‘Nobody’s ever done this journey’: Father-of-three becomes the first Australian to reach Antarctica’s ‘pole of inaccessibility’ after 23-day trek
- Geoff Wilson is making his way across the most isolated parts of Antarctica
- He reached the reached the furthest point on the Antarctic Plateau on Sunday
- Gold Coast father-of-three became the first Australian to step foot in the area
Geoff Wilson, 49, (pictured) reached the furthest point on the Antarctic Plateau from the Southern Ocean on Sunday after 23 days battling through treacherous conditions
A Gold Coast father-of-three has become the first Australian to step foot on Antarctica’s ‘pole of inaccessibility’.
Geoff Wilson, 49, reached the furthest point on the Antarctic Plateau from the Southern Ocean on Sunday after 23 days battling through treacherous conditions.
Mr Wilson, a veterinarian by trade, is trying to break the world record for the longest solo, unsupported crossing of Antarctica.
He began the 5,800km adventure in November, armed with two sleds weighing 200 kilograms.
He has been using kites to push his way through ice and snow during the the three-month trek.
The first leg of his journey has been brutal, he said, with semi-blizzard conditions adding to the challenge.
Once he finally made it to the first major milestone he said he felt absolute relief.
Geoff Wilson (pictured) is undertaking the challenge to raise money for the breast cancer charity the McGrath Foundation
‘I dropped the kite, fell to my knees and gave thanks that I’d made it,’ he shared on his blog.
‘I would say the past 1665km was the most brutal journey I’ve undertaken to date. The cold, the isolation, the relentless sastrugi and continual difficult wind angles have made me earn every painstaking meter of progress.
‘I have pushed hard with no break for 23 days. I knew for the Expedition to be a success, I needed a strong first leg. Despite tough conditions, 23 days is a ridiculous time to make it to the very heart of the ice continent.’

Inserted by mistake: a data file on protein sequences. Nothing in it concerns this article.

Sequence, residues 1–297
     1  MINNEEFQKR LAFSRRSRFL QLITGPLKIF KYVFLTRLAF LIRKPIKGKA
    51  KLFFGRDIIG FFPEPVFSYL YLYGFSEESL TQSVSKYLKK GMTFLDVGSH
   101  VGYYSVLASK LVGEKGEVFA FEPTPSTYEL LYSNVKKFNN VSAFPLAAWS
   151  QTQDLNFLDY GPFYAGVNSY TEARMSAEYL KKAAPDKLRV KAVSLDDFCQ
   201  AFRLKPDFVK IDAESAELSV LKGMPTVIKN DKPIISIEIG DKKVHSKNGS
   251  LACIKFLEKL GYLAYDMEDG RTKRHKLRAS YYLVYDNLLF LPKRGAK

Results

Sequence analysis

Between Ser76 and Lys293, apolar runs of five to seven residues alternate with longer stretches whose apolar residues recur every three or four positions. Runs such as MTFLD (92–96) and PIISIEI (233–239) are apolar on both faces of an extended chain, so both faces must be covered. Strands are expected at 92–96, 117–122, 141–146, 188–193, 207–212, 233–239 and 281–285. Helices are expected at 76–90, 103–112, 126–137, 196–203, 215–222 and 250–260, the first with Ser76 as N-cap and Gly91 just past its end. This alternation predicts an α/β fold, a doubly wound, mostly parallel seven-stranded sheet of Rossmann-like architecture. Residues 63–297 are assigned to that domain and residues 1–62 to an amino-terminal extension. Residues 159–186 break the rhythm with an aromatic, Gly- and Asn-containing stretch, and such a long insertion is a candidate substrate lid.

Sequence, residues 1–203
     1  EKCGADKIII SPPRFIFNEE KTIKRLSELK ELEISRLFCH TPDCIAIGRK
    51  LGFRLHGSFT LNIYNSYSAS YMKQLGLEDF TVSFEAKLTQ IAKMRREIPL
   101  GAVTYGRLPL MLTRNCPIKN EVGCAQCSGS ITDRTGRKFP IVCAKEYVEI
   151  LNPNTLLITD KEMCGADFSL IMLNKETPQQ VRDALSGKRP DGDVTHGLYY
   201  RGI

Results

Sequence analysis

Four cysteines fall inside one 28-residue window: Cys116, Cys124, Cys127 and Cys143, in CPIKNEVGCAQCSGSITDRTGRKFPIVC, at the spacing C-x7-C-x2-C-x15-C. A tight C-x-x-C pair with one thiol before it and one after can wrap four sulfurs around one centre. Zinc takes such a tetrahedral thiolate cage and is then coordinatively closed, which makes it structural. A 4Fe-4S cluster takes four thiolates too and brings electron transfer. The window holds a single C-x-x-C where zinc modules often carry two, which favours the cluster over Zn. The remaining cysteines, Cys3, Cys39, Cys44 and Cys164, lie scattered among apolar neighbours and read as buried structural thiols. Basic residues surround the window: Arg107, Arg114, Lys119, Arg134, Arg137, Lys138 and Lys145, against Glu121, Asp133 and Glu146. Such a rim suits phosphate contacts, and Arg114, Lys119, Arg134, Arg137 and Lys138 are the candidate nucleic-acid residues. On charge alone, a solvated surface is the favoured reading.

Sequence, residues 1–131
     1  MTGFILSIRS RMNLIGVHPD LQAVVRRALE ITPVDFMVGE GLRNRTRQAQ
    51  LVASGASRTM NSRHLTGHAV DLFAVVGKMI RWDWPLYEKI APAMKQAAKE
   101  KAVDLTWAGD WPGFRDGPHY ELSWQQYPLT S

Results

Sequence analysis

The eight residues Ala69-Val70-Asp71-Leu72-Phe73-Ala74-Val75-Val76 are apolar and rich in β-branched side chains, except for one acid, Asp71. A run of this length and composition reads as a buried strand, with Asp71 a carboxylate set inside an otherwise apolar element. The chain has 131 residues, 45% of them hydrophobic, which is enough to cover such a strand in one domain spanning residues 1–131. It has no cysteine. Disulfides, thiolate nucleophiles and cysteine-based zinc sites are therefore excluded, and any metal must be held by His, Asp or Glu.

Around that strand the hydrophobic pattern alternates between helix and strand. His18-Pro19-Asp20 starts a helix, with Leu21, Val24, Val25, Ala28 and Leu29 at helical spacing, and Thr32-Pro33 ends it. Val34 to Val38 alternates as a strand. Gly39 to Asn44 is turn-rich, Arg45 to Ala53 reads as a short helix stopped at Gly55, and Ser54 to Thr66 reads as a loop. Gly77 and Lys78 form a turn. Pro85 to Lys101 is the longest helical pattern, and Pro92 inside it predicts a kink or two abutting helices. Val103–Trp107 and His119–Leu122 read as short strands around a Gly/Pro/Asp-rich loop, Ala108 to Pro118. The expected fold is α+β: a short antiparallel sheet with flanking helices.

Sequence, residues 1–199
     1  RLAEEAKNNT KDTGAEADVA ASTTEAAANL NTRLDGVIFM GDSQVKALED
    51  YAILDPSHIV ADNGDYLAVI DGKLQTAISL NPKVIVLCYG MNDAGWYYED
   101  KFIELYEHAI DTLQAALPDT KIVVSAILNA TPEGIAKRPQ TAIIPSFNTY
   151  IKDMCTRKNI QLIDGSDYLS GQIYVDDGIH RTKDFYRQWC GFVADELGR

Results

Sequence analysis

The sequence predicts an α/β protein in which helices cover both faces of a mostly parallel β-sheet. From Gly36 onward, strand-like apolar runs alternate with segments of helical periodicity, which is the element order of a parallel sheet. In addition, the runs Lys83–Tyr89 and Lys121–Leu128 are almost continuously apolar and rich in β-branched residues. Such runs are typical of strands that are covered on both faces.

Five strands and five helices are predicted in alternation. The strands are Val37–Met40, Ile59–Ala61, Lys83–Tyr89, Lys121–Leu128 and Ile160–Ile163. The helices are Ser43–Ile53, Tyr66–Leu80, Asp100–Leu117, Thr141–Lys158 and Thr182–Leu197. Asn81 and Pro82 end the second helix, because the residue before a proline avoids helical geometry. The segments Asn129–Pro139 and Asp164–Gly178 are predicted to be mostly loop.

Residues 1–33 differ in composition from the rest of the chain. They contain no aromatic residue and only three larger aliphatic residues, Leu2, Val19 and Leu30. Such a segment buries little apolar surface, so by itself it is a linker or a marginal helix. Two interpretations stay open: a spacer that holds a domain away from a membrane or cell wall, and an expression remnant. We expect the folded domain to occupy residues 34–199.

During the past 23 days he has battled the intense cold as well as isolation.
Mr Wilson (pictured) has two sleds weighing 200kilograms, sleeping bags, a tent, two stoves and electronic gear to communicate with his family back home
The ‘pole of inaccessibility’ (pictured) is at the furthest point from the Southern Ocean, where temperatures reach about -58.2C
‘The weight of isolation, silence, white vastness, the ever pervading cold can start to erode your mental state – “the wolves” of fear and loneliness (who only get bigger if you feed them) are extreme at times.’
The next part of his trip will see him climb Dome Argus – the coldest naturally occurring place on the planet.
‘Nobody’s ever done this journey so there’s a lot of unknowns. We don’t know how much crevassing I’ll encounter — there could be a lot of challenges,’ he told the ABC.
Mr Wilson is undertaking the challenge to raise money for the breast cancer charity the McGrath Foundation.
He spent months training on the sand in the Gold Coast and in commercial freezers.
Mr Wilson, a veterinarian by trade, is trying to break the world record for the longest solo, unsupported crossing of Antarctica